- A police station in the Northern Cape has been robbed of at least 15 lethal firearms over the weekend
- The incident took place at Tsineng police station on Saturday evening while a female cop was alone on duty
- Police and Prisons Civil Rights Union spokesperson Richard Mamabolo has condemned the attack and is calling for better infrastructure in rural police stations
Three Northern Cape men have police hot on their heels after robbing a police station at the weekend.
The incident took place at Tsineng police station on Saturday.
According to reports, a female officer was alone on duty when the suspects entered at around 9.40pm and threatened her with their firearms.
They then proceeded to jump over the reception counter and escaped with R5 rifles, shotguns and ammunition. National police spokesperson Col Brenda Muridili confirmed that 15 firearms were stolen, The Sunday Times reports.
Police and Prisons Civil Rights Union (Popcru) spokesperson Richard Mamabolo also confirmed the reports. The suspects ordered that the female cop hand over all 15 weapons and the keys to the safe, said Mamabolo.
“The female officer was then tied with cables and her cellphone stolen.”
Malambo went on to condemn the attacks, calling for more surveillance equipment to be made available to the often under-resourced rural communities, SABC News reports.
“Different police stations report on a regular basis that these are the challenges we’re facing and yet those reports do not amount to any form of action from the regional offices. So it’s got a lot to do with the fact that there are uneven allocation of resources within the SAPS.”
Former SAPS officer sentenced to 50 years for stealing a docket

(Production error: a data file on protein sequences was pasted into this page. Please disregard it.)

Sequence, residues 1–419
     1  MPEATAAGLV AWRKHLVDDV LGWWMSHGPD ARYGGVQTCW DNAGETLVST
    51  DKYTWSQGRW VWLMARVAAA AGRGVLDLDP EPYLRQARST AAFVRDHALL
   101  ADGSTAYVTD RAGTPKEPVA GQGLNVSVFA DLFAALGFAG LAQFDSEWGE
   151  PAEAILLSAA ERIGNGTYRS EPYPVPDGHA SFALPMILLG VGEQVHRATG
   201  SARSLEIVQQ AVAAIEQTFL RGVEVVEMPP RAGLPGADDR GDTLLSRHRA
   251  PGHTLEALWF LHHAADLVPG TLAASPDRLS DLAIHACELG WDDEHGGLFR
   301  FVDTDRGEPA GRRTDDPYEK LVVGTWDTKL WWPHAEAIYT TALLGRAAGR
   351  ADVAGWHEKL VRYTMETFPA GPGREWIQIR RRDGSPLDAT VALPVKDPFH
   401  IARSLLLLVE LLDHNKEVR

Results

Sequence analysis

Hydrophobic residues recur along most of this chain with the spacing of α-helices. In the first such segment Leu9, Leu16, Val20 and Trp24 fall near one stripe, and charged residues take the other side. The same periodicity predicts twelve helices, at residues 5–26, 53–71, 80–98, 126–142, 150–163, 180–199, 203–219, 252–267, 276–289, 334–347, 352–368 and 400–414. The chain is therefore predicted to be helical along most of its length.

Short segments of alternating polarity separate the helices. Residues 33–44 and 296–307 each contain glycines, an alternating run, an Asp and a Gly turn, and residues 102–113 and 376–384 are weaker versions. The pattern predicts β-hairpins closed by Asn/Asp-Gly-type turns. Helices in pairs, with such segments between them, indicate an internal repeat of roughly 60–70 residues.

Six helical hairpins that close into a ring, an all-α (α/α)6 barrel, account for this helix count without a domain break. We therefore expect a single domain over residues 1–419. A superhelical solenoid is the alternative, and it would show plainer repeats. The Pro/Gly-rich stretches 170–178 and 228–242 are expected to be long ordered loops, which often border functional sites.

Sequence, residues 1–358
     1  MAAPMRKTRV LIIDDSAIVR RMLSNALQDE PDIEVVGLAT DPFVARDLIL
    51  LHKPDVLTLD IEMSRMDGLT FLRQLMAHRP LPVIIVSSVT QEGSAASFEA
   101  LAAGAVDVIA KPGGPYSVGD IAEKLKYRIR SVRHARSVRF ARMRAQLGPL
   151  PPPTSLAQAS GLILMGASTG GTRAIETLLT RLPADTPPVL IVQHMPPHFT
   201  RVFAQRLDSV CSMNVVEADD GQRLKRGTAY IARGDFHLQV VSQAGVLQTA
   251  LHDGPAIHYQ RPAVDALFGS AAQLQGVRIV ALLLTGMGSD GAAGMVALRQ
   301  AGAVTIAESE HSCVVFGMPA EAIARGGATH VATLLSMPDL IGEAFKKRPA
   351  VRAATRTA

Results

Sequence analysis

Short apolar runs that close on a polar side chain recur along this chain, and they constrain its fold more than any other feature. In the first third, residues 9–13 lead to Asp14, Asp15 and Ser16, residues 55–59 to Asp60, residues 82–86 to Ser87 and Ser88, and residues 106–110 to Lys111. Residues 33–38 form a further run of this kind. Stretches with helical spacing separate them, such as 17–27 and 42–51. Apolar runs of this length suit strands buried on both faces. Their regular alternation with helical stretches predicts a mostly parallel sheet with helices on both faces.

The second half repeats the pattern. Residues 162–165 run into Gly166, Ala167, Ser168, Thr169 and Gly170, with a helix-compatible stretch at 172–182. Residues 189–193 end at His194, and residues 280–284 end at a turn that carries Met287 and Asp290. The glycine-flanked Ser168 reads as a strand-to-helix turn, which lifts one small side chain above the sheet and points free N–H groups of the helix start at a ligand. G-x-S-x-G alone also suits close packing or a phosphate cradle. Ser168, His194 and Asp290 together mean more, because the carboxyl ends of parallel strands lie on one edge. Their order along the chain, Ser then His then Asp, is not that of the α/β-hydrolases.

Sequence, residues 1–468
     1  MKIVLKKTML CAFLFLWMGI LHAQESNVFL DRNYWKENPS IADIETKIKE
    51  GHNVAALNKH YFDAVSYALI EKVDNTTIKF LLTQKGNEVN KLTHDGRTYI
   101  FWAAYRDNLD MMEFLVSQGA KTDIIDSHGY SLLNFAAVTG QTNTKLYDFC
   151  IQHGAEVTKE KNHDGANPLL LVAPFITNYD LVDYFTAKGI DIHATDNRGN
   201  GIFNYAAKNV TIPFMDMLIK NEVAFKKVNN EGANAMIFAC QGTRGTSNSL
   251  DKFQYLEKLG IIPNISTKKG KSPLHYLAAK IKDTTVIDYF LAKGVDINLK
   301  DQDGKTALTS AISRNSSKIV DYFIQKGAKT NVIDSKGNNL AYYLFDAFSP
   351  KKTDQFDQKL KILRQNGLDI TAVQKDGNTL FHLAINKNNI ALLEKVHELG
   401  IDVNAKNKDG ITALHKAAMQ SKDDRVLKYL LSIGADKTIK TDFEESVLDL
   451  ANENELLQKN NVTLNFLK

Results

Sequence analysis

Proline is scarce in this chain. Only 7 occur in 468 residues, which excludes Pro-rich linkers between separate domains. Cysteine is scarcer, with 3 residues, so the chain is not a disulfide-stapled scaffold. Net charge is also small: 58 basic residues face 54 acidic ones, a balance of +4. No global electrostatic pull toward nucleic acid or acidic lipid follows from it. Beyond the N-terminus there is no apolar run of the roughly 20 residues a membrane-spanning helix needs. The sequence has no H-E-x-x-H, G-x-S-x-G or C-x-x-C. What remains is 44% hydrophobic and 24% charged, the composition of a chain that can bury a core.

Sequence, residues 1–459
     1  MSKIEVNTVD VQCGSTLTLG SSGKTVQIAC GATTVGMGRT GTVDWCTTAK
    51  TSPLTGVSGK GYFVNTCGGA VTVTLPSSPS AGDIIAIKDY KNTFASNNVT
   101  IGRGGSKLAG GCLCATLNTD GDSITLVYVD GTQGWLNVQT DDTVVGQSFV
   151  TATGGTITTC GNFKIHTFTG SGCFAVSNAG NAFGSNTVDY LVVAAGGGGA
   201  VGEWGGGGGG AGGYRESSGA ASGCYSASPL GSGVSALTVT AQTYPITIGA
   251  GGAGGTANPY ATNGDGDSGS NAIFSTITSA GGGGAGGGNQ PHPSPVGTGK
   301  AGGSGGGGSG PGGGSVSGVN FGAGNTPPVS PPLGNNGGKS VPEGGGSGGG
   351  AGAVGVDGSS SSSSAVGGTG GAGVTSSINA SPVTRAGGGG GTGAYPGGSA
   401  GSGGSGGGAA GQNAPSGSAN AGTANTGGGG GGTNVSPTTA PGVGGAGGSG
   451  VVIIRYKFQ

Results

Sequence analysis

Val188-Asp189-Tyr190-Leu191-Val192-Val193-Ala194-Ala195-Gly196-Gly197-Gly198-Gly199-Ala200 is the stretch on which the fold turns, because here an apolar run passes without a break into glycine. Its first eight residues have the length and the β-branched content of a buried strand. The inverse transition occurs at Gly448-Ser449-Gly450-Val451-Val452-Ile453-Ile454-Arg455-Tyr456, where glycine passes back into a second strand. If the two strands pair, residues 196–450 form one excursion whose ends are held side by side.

In more cop related news, Briefly News previously reported that a former South African Police Service Officer Frederick George de Bruin was found guilty by the Odendaalsrus Regional Court on counts of corruption, theft as well as defeating the ends of justice.
The 50-year-old was sentenced to 15 years in prison for the corruption charges, 15 years for theft of a state laptop, 15 years for theft of a police docket and defeating the ends of justice. He was sentenced to five years, according to TimesLIVE.
De Bruin, who was a warrant officer, is said to have asked a suspect arrested for reckless and negligent driving R5 000 to steal the police docket pertaining to his case.
Brigadier Motantsi Makhele, the police spokesperson, stated the suspect approached the police department on 20 January and informed the department of De Bruin's offer.
"The whistle blower reported the incident to the authority and the incident was reported to the provincial anti-corruption unit," said Makhele.
An sting was set up in which the suspect proceeded to give de Bruin the money he had requested, andhis led police to further investigate de Bruin.
After giving over the police docket to the suspect, De Bruin was arrested at his house. His house was also searched and a receipt from a pawn shop that he had sold a state laptop was found. The R5 000 was also found in his possession.
Lieutenant-General Baile Motswenyane, the provincial commissioner, said De Bruin's sentencing sent a clear message that corruption does not pay and that police administration will not allow dishonesty within its ranks, according to a report by IOL.
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